“Well,” said the wizard. “Actually I too am an economist. I will tell you the secret to expanding land. Come closer.”
Henry came up close to the wizard.
Henry’s put his ear by the wizard’s mouth.
“I can’t come any closer!” said Henry.
“Just joking!” said the wizard. “Now I will tell you. But you must promise!”
“Not to tell anyone?”
“No! To tell everybody, you silly boy!”
“OK, I promise,” said Henry.
“Tax the land,” said the wizard.
“What?” said Henry. “How will land expand by taxing it?”
The wizard sighed. “Sit down.” Henry sat.
“When you collect the land rent like a bear collects honey, then those holding land idle will put it to good use so that it is worth paying the rent. If they need to keep providing honey to keep the land, they will work like bees. When idle land becomes well used, it is like growing more land.”
“But that does not expand land,” said Henry. “That just puts land to better use.”
“It has the same economic effect as creating more land, no?”
“I guess so,” said Henry.
“You guess?” huffed the wizard.
“I know so, now” Henry corrected himself.
“So land does expand when it is taxed?”
“Yes,” said Henry. “By George, yes!”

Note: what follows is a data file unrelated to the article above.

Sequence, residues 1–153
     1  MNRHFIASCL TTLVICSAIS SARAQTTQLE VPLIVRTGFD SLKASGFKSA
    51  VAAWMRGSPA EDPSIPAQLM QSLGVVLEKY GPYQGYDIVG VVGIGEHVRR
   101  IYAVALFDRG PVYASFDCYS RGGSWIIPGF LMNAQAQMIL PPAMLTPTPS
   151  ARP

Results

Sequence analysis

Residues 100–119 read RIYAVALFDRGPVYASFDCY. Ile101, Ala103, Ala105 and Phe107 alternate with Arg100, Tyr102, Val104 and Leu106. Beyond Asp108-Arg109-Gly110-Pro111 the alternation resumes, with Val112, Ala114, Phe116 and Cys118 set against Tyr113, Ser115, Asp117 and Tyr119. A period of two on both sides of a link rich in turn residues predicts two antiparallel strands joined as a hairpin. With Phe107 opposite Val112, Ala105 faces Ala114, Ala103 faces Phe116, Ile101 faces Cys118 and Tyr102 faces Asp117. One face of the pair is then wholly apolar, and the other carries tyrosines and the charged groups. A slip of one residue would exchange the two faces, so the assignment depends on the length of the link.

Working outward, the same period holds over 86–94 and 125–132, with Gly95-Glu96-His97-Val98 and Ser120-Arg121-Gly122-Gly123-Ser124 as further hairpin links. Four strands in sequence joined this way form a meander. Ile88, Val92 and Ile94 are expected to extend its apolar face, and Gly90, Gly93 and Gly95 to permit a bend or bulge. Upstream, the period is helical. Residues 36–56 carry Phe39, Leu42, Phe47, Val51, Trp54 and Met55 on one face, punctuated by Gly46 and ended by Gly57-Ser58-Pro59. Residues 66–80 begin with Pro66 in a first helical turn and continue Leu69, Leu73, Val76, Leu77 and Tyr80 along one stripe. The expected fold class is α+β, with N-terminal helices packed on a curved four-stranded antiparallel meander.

“And what did you promise?”
“That I would tell everybody.”
“So go!” said the wizard.
Henry ran down the mountain. “We can so expand land!” he cried as he went through the Valley of the Economists.
“We can grow land! We can expand land!” he told his fellow students back in magic school.
“With magic?” they asked? “No, with economics!” exclaimed Henry.
“We don’t have time for economics,” the other students replied. “We have enough to do learning magic.”
So Henry Plottre realized that he could not save the world with magic, but rather with economics, but only if people were willing to listen. Unfortunately, most are too busy trying to learn magic.
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FRED E. FOLDVARY, Ph.D., (May 11, 1946 — June 5, 2021) was an economist who wrote weekly editorials for Progress.org since 1997. Foldvary’s commentaries are well respected for their currency, sound logic, wit, and consistent devotion to human freedom. He received his B.A. in economics from the University of California at Berkeley, and his M.A. and Ph.D. in economics from George Mason University. He taught economics at Virginia Tech, John F. Kennedy University, Santa Clara University, and San Jose State University.
Foldvary is the author of The Soul of Liberty, Public Goods and Private Communities, and Dictionary of Free Market Economics. He edited and contributed to Beyond Neoclassical Economics and, with Dan Klein, The Half-Life of Policy Rationales. Foldvary’s areas of research included public finance, governance, ethical philosophy, and land economics.
Foldvary is notably known for going on record in the American Journal of Economics and Sociology in 1997 to predict the exact timing of the 2008 economic depression—eleven years before the event occurred. He was able to do so due to his extensive knowledge of the real-estate cycle.